Canada Loosens Restrictions for U.S. Cable Channels
The end of long-standing genre protection guarantees access for American services that compete with existing Canadian channels.
Canada's TV watchdog on Thursday opened the way for domestic cable giants to launch U.S. channels north of the border without worrying whether they will compete with existing Canadian services.
The CRTC in a landmark decision ordered an end to genre protection, which in the past guaranteed local cable channels carriage and protection from direct competition with U.S. channels. The sea change in the Canadian market will now see open competition among all cable channels in the Canadian market, local or foreign.
"The age of abundance is upon us and we rise to meet its challenges from a position of strength," CRTC chairman Jean-Pierre Blais said in a speech to the Canadian Club in Ottawa. CRTC rules previously denied market access to popular U.S. channels like ESPN and HBO that were judged to compete in part or wholly with existing Canadian TV channels.
That was due to top U.S. TV shows already airing in the country and because their Canadian TV rights have been acquired by domestic broadcasters. No more, the CRTC signaled Thursday, as Netflix Canada and other U.S. digital platforms operating in Canada having removed the need for heavy-handed protections.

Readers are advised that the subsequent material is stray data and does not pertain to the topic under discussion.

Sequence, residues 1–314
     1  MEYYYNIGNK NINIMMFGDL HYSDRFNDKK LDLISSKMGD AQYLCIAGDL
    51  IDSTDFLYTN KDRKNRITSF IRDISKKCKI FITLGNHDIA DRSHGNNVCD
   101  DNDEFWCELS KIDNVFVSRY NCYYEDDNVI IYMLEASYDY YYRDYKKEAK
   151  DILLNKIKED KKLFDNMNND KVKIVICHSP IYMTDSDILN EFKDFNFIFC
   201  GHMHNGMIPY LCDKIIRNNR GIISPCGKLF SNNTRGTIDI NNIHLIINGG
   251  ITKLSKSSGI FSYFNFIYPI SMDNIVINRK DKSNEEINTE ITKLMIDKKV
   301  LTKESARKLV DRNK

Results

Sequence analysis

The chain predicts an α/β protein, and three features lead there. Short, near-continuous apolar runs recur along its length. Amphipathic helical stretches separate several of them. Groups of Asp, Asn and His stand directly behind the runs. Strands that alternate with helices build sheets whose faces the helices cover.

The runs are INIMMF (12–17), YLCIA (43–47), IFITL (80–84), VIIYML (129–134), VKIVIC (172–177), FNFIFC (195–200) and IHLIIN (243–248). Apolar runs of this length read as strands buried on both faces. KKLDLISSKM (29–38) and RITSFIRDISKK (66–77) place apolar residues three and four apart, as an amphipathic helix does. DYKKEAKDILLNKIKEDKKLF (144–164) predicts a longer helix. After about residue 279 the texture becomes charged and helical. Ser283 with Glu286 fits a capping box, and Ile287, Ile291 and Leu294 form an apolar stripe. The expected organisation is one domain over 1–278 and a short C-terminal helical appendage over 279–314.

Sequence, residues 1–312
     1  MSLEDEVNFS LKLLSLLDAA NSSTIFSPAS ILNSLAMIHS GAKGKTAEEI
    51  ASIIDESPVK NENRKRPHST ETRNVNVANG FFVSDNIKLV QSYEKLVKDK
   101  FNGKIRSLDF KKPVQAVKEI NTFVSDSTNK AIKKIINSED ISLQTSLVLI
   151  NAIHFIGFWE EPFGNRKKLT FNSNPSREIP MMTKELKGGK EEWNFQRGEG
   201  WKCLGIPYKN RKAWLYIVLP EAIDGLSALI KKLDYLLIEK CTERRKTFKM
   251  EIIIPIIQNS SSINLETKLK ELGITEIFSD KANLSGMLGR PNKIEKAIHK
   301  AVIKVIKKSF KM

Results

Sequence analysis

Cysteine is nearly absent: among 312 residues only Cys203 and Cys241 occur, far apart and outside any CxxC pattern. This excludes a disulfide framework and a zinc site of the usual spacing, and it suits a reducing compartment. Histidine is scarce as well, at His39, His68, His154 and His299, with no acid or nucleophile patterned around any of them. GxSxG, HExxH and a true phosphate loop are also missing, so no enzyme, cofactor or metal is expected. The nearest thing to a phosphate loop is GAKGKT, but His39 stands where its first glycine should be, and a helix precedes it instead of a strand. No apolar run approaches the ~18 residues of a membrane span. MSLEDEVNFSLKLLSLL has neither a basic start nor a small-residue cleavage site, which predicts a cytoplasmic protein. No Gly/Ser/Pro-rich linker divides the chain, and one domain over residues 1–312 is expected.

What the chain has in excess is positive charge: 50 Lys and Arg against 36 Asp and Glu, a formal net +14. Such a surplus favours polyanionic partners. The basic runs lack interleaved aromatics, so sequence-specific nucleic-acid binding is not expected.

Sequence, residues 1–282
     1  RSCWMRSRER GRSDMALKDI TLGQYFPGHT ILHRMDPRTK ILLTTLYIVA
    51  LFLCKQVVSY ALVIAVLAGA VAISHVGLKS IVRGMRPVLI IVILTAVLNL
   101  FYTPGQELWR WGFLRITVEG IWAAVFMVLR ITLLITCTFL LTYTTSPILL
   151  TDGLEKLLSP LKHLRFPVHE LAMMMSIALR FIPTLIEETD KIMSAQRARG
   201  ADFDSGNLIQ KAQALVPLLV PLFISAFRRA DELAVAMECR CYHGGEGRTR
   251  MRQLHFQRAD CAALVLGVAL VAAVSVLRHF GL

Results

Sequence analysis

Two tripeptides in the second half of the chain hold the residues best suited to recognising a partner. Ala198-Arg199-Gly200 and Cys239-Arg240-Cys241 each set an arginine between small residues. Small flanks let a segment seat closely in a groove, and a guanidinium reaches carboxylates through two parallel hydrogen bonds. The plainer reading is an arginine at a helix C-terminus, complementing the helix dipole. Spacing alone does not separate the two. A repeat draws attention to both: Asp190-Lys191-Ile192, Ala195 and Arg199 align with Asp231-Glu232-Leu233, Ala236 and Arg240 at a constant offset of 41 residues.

The end of genre protection will mean Canadian cable channels can program as required to compete with incoming American services, including rebranding as an incoming U.S. channel. "New specialty services will be able to enter the Canadian marketplace and compete with existing channels. Both existing and new channels will need to be innovative and creative to succeed," the CRTC said in its decision Thursday.
Previously, the regulator played hardball with Canadian cable channels that didn't keep to their genre, as when the Canadian version of OWN: Oprah Winfrey Network strayed from an original educational mandate. U.S. cable channels like CNN and A&E were granted entry into Canada in the early days of cable TV here as they were viewed as strong packaging partners for the new niche Canadian channels.
And the CRTC over the years was choosy in which channels it allowed into Canada, while also denying entry to a host of unsuccessful applicants. But the regulator, in loosening Canadian content rules to meet the digital age, is allowing local channels to in turn better compete with American services now assured of Canadian market entry.
For example, MuchMusic will no longer have to air a certain percentage of music videos as part of its original broadcast license, even though young Canadians go to YouTube and other online video sites to view music videos.